One of my kids started studying the industrial revolution for school and he asked me a question:
“Dad, do you think the industrial revolution made the life of ordinary people better or worse?”
It’s a good question, and I suspect the various answers you’d receive from different people would say as much about the person answering as it does the situation. The question also got me thinking about another revolution that’s affecting the way ordinary people earn a living today.
The industrial revolution of the 1800s drew people from the countryside into the city, transforming them from farm laborers and home industry workers into factory workers. This trend did a lot of things, but one of the most obvious is that it moved jobs from the country to the city. It made winners and losers. Today the potential to reverse that trend exists and is gathering steam. I think this is good news. Whether or not it actually happens depends on how individuals see the new reality of the “internet revolution” and make use of it. Just like the industrial revolution, the internet revolution makes winners and losers. Let me give you an unfolding example using a little place called Gore Bay, Ontario, the place where we do most of our shopping.
Gore Bay became a town in 1890, and it’s current population of 900 is more than it’s ever been. Walk down Meredith Street today and you’ll see old, substantial buildings that were originally made to serve much more economic activity than they do today. Ask any old timer and they’ll tell you that every shop along Meredith Street had a thriving business in it. Saturday nights, in particular, were a beehive of shopping activity, with stores open until midnight, movies shown in the community hall, and people socializing while business thrived. Not so today.
Fast forward to 2015, and Gore Bay’s business scene is struggling even though the local population is larger than it’s ever been, and even though each person today buys and consumes much more than they did during the 1950s. Strictly speaking, the economic scene of Gore Bay should be much larger than its ever been because we’re buying more than ever, except for one thing.
The downturn in local business began with the trend to off-island shopping that started in the 1980s. Somehow people still think they save money driving 2 1/2 hours each way to the nearest major city to save 20% on groceries. But off-island shopping is nothing compared to the trend of online-shopping. Now you can save much more than 20% without ever starting your car. At the click of a mouse the post office is fast becoming the one place in town where more goods change hands than most other businesses in Gore Bay. Buying online is part of the internet revolution, and while it’s definitely taking sales away from businesses large and small (both in the country and the city), it also offers new possibilities for economic growth.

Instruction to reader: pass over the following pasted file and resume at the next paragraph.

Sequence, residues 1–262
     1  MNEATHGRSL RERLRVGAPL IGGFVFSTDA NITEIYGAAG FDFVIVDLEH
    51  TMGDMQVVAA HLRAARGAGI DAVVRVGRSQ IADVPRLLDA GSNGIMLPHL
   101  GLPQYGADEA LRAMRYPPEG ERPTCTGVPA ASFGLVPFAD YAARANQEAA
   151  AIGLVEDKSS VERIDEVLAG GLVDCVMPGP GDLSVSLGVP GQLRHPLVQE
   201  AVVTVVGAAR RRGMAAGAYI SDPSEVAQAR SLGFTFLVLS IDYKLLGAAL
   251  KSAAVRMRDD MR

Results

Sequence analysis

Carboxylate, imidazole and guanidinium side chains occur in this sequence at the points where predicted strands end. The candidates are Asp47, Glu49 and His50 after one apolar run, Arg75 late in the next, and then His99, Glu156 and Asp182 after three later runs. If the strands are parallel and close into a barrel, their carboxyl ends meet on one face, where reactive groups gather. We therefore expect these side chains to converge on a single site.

Thriving economically in rural areas like Manitoulin Island, where I live, is much easier when you supplement serving only the local market, and more emphasis on serving the whole world with the help of the internet. What little places like mine need is a new understanding that the internet steals sales and jobs in one way, but it offers new possibilities in return. That’s something the industrial revolution never did. It was a one-sided trend that removed power from the little guy. By contrast, the internet revolution both threatens the livelihood of little places like Manitoulin Island, but it also offers new and profitable opportunities for little places.
The economic life of my family, for instance, is based on internet work I’ve developed since the early 1990s here at the end of Bailey Line Road. Here I am “at the office” back in 1995, and I see a few others doing the same thing these days. Not enough yet, but there is the beginning of a trend that could make or break my rural corner of the world.
The internet means ordinary people have a chance to reach customers in a way they never have before. Need some examples? People in big city Canada are enjoying some of the world’s finest grass-fed beef from Manitoulin because it’s being sold to them online. The head of the information architecture department at a large international company now lives and works online from a small town on Manitoulin Island. An art studio in our area has moved from seasonal sales to year-round sales with their online presence.
Years from now, a teenager somewhere might ask his dad: “Did the internet revolution make the life of ordinary people better or worse?” As with so many things in life, it all depends. It’s not so much about what happens to us, but rather how we deal with it.